Introduction It was always the wish of former FIA president Max Mosley to get some fresh blood in Formula One; he predicted that the manufacturer teams would leave Formula One as a result of the economic recession, and unfortunately he was right.
It was always the wish of former FIA president Max Mosley to get some fresh blood in Formula One; he predicted that the manufacturer teams would leave Formula One as a result of the economic recession, and unfortunately he was right. Honda, Toyota and BMW have turned their back to Formula One, and only car manufacturers Renault, Mercedes and Ferrari will be present at the Grand Prix circuits in 2010. However, Renault sold out to investor Genii and is therefore a manufacturer team in name only.
Peter Sauber managed to save the BMW team and will be competing under the BMW-Sauber name, though without BMW participation. Without the new teams there would only be nine teams or 18 cars at the start of the Bahrain Grand Prix on March 14th. It could have been worse, as without the rescue of Renault and Sauber, only seven teams with 14 cars would compete in 2010. It seems I owe Mr. Mosley an apology for not sharing his skeptical, but correct view on the manufacturer teams as he expressed earlier in 2009.
If we were to go back to 1989 and 1990, we would find a record number of teams in Formula One: twenty teams raced during those two seasons. A few names from those days: Lola, Eurobrun, March, Osella, Dallara, Minardi, Onyx, AGS and Coloni. With so many teams, the FIA was even forced to organize pre-qualifications with four drivers eliminated after pre-qualifying, and after the normal qualification another four drivers were eliminated. Like it is in the current format, only 26 cars were allowed on the start grid in those days. Engine builder Cosworth supplied 10 out of those 20 teams in 1990, in 2010 Cosworth will supply five teams: Williams and the four new teams.
In 2009 the FIA admitted the four new teams: Lotus F1, Virgin Racing, US F1 Team and Campos Meta. Over the next four days we will take a closer look at these new teams and the people who are behind each of them. In this first part of our story we will examine Lotus F1.
With this team the name Lotus, which has been absent in Formula One for the past sixteen years, will return to the Grand Prix circuits. The original Lotus team was active from 1958 until 1994, and was led by the legendary Colin Chapman who died in 1982. During that period Lotus scored 73 wins, 102 pole positions, and clinched six Drivers' Championships and seven Constructors' Championships in 489 races. Lotus employed many of the great Formula One drivers of those days: Jim Clark, Graham Hill, Stirling Moss, Emerson Fittipaldi, Jochen Rindt, Mario Andretti, Ronnie Peterson, Nigel Mansell and Ayrton Senna.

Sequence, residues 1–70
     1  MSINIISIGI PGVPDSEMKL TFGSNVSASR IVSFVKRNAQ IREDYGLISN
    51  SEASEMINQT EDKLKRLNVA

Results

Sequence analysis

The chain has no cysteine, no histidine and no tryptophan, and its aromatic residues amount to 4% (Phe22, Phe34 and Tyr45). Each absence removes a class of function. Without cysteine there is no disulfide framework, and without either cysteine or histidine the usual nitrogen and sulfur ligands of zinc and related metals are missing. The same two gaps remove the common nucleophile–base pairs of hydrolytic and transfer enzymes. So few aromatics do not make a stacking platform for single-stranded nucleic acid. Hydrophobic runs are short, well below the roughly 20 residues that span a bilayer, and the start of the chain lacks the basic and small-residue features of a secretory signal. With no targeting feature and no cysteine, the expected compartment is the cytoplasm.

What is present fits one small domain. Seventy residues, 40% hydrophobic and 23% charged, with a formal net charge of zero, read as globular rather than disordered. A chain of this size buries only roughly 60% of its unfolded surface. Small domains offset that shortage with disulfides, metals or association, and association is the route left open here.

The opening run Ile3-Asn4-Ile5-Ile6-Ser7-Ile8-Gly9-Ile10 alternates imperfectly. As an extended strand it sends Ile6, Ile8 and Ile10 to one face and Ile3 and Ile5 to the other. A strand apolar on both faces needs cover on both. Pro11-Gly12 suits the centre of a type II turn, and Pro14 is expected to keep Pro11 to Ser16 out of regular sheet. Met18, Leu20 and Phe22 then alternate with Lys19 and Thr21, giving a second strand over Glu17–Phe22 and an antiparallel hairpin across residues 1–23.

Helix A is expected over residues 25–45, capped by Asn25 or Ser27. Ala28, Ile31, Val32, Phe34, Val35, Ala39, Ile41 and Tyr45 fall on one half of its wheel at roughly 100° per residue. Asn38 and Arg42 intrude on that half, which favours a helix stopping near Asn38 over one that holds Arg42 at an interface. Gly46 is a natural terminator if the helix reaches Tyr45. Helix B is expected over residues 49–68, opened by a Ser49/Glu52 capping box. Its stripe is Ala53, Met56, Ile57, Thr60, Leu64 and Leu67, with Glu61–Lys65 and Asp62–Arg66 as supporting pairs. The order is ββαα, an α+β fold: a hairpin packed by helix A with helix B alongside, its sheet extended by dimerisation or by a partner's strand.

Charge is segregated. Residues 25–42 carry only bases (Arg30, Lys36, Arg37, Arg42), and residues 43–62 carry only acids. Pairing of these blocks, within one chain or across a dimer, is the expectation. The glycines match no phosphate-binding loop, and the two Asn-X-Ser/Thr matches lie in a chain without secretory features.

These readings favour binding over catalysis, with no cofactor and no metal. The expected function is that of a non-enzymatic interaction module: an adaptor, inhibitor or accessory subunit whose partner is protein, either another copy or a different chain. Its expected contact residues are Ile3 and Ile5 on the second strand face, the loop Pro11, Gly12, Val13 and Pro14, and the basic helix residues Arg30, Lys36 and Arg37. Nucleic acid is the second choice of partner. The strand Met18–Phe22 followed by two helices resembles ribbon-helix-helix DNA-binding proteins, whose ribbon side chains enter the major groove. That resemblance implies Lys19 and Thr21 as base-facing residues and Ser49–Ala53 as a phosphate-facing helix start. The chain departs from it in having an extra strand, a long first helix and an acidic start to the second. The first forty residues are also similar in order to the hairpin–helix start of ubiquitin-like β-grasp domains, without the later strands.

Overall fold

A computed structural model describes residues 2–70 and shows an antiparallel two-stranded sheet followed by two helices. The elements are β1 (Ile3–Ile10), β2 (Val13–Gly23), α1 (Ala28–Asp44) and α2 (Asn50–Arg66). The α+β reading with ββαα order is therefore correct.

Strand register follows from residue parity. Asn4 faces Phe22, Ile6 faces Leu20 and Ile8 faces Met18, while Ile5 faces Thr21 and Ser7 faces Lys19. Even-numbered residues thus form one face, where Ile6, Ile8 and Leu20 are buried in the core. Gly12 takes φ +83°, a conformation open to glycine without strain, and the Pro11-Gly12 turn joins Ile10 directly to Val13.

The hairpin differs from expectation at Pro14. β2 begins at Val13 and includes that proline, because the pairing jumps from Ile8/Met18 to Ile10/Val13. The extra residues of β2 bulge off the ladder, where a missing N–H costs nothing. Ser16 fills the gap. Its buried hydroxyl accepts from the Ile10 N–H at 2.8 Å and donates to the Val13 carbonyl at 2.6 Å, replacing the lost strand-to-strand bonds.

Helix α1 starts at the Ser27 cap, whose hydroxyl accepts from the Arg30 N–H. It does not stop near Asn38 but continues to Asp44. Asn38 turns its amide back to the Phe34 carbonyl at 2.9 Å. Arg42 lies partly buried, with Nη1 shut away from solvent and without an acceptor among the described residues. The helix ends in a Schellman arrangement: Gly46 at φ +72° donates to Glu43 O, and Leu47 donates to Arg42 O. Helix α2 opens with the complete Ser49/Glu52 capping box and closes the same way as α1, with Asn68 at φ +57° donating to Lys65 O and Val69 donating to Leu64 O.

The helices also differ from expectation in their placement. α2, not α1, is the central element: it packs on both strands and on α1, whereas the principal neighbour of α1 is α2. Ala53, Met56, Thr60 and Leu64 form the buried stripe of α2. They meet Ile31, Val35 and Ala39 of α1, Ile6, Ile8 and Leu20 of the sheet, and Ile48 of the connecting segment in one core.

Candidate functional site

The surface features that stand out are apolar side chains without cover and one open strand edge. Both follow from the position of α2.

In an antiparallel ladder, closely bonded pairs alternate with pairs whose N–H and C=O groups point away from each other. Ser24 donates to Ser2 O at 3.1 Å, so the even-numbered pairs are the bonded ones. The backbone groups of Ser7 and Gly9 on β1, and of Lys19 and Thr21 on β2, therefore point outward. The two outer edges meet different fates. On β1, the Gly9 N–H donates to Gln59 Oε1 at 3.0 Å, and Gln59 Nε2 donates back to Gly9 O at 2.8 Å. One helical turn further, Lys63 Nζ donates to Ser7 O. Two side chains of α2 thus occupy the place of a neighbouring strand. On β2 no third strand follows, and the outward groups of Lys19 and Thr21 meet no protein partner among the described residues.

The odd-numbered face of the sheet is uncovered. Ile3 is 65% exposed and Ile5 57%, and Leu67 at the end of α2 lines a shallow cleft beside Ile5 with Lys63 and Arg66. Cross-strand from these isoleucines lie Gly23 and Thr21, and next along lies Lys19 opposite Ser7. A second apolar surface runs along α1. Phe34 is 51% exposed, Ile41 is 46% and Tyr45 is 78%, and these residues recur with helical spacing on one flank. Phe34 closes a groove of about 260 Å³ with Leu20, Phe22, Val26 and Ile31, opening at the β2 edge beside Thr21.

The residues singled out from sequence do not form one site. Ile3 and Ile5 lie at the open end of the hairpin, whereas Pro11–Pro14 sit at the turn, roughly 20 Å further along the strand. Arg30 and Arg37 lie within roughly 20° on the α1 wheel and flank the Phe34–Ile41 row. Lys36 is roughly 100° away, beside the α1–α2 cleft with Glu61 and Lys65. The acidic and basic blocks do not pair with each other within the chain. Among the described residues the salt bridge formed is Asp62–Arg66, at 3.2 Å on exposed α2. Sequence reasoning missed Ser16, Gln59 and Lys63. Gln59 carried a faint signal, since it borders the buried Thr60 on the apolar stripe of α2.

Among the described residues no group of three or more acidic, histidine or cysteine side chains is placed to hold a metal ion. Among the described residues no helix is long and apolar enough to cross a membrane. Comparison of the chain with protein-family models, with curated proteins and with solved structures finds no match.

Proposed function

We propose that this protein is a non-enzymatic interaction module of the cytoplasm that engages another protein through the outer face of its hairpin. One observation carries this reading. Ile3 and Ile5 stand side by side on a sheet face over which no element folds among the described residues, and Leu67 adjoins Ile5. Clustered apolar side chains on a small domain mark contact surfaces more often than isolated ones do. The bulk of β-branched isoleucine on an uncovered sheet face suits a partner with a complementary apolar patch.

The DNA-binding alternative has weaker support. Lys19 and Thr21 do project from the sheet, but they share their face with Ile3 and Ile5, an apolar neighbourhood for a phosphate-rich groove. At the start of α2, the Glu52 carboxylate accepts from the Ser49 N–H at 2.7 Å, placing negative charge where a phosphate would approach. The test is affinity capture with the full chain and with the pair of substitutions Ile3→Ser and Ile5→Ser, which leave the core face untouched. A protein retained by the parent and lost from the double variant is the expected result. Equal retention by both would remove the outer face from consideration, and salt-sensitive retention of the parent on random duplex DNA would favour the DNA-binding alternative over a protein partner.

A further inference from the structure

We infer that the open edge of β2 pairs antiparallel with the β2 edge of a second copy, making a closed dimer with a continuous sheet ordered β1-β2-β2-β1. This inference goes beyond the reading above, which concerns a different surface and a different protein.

However, the people behind the new Lotus team, feel it is a 100 percent Malaysian enterprise, and except for the name, has no ties with the old British Lotus team or the car manufacturer. The team is currently based at the RTN (Racing Technologies Norfolk) facility at Hingham in Norfolk, Great Britain, but there are plans to move the team's facilities to Malaysia.
The new team was setup by Malaysian entrepreneur and AirAsia airline owner Tony Fernandes in September last year, and has the support of the Malaysian government. But it must be said, Lotus doesn't get any financial support of the government, most of their sponsor monies come from the Malaysian private sector.
Fernandes' airline, together with its Indonesian and Thai affiliates, now operates 82 new Airbus A320s and flies to more than 65 destinations in Asia from hubs in Malaysia, Thailand and Indonesia. The company employs almost 7,000 staff and has carried more than 75 million guests in its short history.
The team's management is complemented with CEO Riad Asmat (MAL), who is an expert in motorsports and public relations, Head of Operations Mia Sharizman Ismail (MAL), Chief Operating Officer Keith Saunt (GB) and General Manager Paul Graig (GB).
Technical director Mike Gascoyne has more than two decades of experience in Formula One. He has studied fluid dynamics at Cambridge University, and joined the McLaren team in 1989. After that he worked together with Tyrrell's famous designer Harvey Postlethwaite, and in the early 1990s he joined the Sauber team as head of aerodynamics.
In 1993 he returned to Tyrrell until the team's demise in 1998. At the end of that same year he joined Jordan and in 2000 he moved to Benetton, which would later become Renault F1. From 2004 to 2006 he worked for the Toyota team, and after that for Spyker and Force India.
Lotus has signed up experienced driver, Italian Jarno Trulli, and young Finnish driver Heikki Kovalainen. Both drivers only won one Grand Prix in their respective careers, Trulli won the Monaco Grand Prix in 2004, and Kovalainen won the Hungarian Grand Prix in 2008. Trulli has also worked with technical director Mike Gascoyne at Jordan, Renault and Toyota.
The team also has a young driver programme, head of the driver programme in Asia is former Formula One driver Alex Yoong, and for Europe Nino Judge, the team principal of the UK based Litespeed Formula Three team.
At the end of 2009 preparations for the new car were well on their way, a scale model of the car was tested at the Aerolab facility in Italy, and the team had also tested the new chassis. In November the Lotus chassis passed the FIA-standard side impact and nose box crash tests.
However, a complete functioning car hasn't been presented by the team. There are pictures of wind tunnel testing on the Lotus website, but those pictures show a scale model, and not a full sized car. Gascoyne has recently admitted the car will not be ready for testing on February 1st at Valencia, but will instead participate in the third series of testing at Jerez later that month.
This concludes the review about Lotus F1, tomorrow we will take a look at Virgin Racing.